Citation. 91 N.J. 434, 453 A.2d 160 (N.J. 1982)
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Brief Fact Summary.
The seller of a piece of real property promised to provide marketable and insurable title to the buyer, but breached that promise.
Synopsis of Rule of Law.
A buyer can recover benefit of the bargain damages when the seller breaches an executory contract involving the sale of real property.
The Defendant, Bachstadt (the "Defendant"), purchased a piece of land from Joan Lowden ("Ms. Lowden"). Ms. Lowden received the deed to the land from Middletown Township, but she never recorded it. The Defendant built a house on the land and entered into a contract to sell it to the Plaintiffs, the Donovans (the "Plaintiffs"). The purchase price was $58,900. The Plaintiffs put down a deposit of $5,890. On May 1, 1980, the Plaintiffs were to pay an additional $9,010 in cash and take out a 30-year mortgage for the remaining $44,000, at 10% interest. The seller promised the title would be marketable and insurable. A title search was conducted and title was found to be with Anthony and Jane Mettrich (the "Mettrichs") and not Middletown Township or Joan Lowden. Based on these developments, the Plaintiffs filed an action requesting specific performance, and the trial court granted specific performance. The Defendant could not obtain marketable title, and the Plaintiffs filed this suit for compensatory and punitive damages. The trial court granted the Plaintiffs motion for summary judgment. The Plaintiffs' damages, not the Defendant's liability was at issue. The trial court allowed the Plaintiffs to recover for their costs for the title search and survey. However, the trial court would not allow them to recover the difference between the percentage of interest they were to pay on their mortgage and the percentage of interest they were to pay on a different house they purchased in the interim. The trial court concluded "the financing 'was only incidental to the basic concept.' " The Appellate Division revered and found "the statute intended that the general law of damages for breach of a contract applies and stated that the difference in interest rates could be the basis for a measure of damages depending on whether the plaintiffs 'have entered into a comparable transaction for another home ••• or are likely to do so in the near future ••••' "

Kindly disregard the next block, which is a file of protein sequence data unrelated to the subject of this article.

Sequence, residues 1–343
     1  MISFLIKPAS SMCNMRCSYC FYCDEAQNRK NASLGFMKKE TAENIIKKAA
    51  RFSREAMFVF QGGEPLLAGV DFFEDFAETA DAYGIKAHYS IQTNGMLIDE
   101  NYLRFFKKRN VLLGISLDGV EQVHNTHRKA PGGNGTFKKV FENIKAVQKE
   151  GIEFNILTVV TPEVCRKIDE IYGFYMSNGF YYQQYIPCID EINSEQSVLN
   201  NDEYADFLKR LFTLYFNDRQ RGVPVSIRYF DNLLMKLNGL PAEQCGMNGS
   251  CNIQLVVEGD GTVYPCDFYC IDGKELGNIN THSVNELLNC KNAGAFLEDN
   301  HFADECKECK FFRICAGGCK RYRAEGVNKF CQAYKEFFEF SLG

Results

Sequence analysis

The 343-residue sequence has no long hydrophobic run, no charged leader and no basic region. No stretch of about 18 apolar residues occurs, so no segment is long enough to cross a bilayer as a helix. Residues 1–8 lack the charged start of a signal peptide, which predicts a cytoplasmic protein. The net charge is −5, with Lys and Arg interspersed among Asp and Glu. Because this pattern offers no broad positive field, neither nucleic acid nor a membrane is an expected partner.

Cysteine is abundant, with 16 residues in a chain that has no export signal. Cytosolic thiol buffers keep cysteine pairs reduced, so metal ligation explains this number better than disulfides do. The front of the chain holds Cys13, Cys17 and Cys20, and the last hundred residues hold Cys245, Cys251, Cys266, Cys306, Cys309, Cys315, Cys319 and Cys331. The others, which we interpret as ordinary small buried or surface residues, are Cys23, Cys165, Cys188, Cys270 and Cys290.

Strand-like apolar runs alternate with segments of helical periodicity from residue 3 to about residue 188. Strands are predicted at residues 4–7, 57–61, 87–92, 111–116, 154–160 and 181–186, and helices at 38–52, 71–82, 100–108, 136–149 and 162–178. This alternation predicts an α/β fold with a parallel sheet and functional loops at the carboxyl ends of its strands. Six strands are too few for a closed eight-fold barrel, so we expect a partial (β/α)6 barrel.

What is the property damage calculation for a buyer, when the seller breaches an executory agreement?
The court first examined whether the Plaintiffs were entitled to compensatory damages. The court discounted the English rule and adopted the American rule. The court observed "[t]here is no sound basis why benefit of the bargain damages should not be awarded whether the subject matter of the contract is realty or personalty." Further, "[t]he innocent purchaser should be permitted to recover benefit of the bargain damages irrespective of the good or bad faith of the seller." Moreover, "[w]here, as here, the seller agreed that title would be marketable, the seller's liability should depend upon his breach of that promise." As such, here, since the Defendant agreed to provide the Plaintiffs with marketable title, and did not do so, the Defendant is responsible for damages due to its lapse.
• The court then observed that "[c]ompensatory damages are designed 'to put the injured party in as good a position as he would have had if performance had been rendered as promised.' " The reasonable expectation of the parties, governs what the position is. Accordingly, "the defendant is not chargeable for loss that he did not have reason to foresee as a probable result of the breach when the contract was made." Additionally, "the loss must be a reasonably certain consequence of the breach although the exact amount of the loss need not be certain." The court found that the financing provision was an integral part of the transaction. Further, in certain situations "interest rate differentials are an appropriate measure of damages." For example, "[w]here the buyer has obtained specific performance, but because of the delay has incurred higher mortgage rates, then his loss clearly should include the higher financing cost." The court recognized "an interest differential occasioned by the seller's default might be a proper factor in fixing damages where the buyer shortly thereafter purchased another property financed at a higher interest rate." The court found this was not the case here, because the Defendant was not in the business of lending money, but selling a home. As such, the Plaintiffs "would be entitled to the difference between $58,900 and that fair market value." Moreover, "[i]f the fair market value was not more than the contract price, the plaintiffs would not have established any damage ascribable to the loss of the bargain."
The dissenting judge would have phrased the issue as follows: "[W]hether out of pocket costs or benefit of the bargain damages are to be awarded for breach of an executory contract for the sale of real estate when the contract does not close because of a defect in title unknown to the seller at the time of execution of the contract." The dissent advocated that the American rule adopted by the majority, should not be applied where the seller is entirely not at fault, with respect to the defect in title. The dissent argued that the majority's rule improperly penalizes the unwary. Instead, the dissent advocated the position adopted by the Commissioners on Uniform State Laws.
It is interesting to recognize when damages based on changed interest rates can be awarded and when they are inappropriate.